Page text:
Belle Butler

Federal Writers' Project

of the W.P.A.

District #6

Marion County

Anna Pritchett

1200 Kentucky Avenue



829 North Capitol Avenue

Interviewer's Comment

Belle Butler, the daughter of Chaney Mayer, tells of the hardships her

mother endured during her days of slavery.


Chaney was owned by Jesse Coffer, "a mean old devil." He would whip his

slaves for the slightest misdemeanor, and many times for nothing at

all--just enjoyed seeing them suffer. Many a time Jesse would whip a

slave, throw him down, and gouge his eyes out. Such a cruel act!

Chaney's sister was also a slave on the Coffer plantation. One day their

master decided to whip them both. After whipping them very hard, he

started to throw them down, to go after their eyes. Chaney grabbed one

of his hands, her sister grabbed his other hand, each girl bit a finger

entirely off of each hand of their master. This, of course, hurt him so

very bad he had to stop their punishment and never attempted to whip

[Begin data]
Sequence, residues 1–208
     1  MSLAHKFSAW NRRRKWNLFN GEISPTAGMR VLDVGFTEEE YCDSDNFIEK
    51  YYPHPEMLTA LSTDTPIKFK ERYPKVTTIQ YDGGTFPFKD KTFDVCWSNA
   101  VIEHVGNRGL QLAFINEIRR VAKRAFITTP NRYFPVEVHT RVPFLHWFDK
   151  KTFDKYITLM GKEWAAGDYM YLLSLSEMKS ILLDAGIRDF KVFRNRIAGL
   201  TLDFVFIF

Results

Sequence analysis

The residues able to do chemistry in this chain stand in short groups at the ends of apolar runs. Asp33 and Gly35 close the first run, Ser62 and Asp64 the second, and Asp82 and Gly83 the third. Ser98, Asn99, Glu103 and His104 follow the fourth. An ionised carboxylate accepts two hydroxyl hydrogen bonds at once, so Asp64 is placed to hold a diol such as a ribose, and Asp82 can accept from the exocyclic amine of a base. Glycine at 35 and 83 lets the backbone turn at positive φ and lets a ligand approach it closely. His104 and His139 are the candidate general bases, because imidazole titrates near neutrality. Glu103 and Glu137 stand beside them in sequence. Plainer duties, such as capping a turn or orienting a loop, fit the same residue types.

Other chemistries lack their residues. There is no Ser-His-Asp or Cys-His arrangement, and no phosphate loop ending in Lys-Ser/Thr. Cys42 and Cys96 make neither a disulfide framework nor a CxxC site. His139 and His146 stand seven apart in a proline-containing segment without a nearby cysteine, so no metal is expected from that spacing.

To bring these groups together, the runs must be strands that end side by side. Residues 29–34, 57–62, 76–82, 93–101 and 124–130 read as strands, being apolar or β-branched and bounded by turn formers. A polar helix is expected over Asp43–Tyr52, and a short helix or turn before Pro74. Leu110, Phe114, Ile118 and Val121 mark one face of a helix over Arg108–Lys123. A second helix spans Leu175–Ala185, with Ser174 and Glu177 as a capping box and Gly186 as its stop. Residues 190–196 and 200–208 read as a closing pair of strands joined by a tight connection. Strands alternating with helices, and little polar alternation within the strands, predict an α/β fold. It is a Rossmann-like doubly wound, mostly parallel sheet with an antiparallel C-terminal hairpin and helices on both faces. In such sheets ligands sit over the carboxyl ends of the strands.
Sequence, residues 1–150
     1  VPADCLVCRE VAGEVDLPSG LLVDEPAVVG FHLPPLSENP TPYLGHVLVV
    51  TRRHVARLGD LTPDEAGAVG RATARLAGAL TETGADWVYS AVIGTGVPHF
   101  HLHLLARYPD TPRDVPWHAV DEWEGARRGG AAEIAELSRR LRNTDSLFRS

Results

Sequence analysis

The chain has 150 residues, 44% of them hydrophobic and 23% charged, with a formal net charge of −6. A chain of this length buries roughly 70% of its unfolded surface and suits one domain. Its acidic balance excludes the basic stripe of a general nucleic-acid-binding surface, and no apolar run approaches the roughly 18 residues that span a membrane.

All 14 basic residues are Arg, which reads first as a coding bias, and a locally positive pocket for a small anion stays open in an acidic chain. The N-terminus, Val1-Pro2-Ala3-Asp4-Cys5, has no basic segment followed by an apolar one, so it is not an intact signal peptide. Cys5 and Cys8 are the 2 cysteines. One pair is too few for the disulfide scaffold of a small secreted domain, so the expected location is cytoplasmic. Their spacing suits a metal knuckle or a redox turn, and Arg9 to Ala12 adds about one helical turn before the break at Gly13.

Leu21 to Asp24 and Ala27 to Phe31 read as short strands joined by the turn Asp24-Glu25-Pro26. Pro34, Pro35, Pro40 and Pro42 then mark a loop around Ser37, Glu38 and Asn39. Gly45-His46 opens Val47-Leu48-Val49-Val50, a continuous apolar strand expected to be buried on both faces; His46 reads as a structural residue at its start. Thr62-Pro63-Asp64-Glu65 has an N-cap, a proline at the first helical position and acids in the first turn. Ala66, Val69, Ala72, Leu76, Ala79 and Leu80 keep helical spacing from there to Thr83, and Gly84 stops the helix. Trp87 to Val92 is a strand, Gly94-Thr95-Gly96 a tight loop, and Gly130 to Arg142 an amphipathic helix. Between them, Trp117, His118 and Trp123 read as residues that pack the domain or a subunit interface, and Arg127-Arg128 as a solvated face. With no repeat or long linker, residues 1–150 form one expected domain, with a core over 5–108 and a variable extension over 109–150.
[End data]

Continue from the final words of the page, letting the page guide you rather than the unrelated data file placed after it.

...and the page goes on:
them again. He told them he would surely put them in his pocket (sell

them) if they ever dared to try *anthing like that again in life.

Not so long after their fight, Chaney was given to a daughter of their

master, and her sister was given to another daughter and taken to

Passaic County, N.C.

On the next farm to the Coffer farm, the overseers would tie the slaves

to the joists by their thumbs, whip them unmercifully, then salt their

backs to make them very sore.

When a slave slowed down on his corn hoeing, no matter if he were sick,

or just very tired, he would get many lashes and a salted back.

One woman left the plantation without a pass. The overseer caught her

and whipped her to death.

No slave was ever allowed to look at a book, for fear he might learn to

read. One day the old mistress caught a slave boy with a book, she

cursed him and asked him what he meant, and what he thought he could do

with a book. She said he looked like a black dog with a breast pin on,

and forbade him to ever look into a book again.

All slaves on the Coffer plantation were treated in a most inhuman

manner, scarcely having enough to eat, unless they would steal it,

running the risk of being caught and receiving a severe beating for the


Interviewer's Comment

Mrs. Butler lives with her daughters, has worked very hard in "her


She has had to give up almost everything in the last few years, because

her eyesight has failed. However, she is very cheerful and enjoys

telling the "tales" her mother would tell her.

Submitted December 28, 1937

Indianapolis, Indiana

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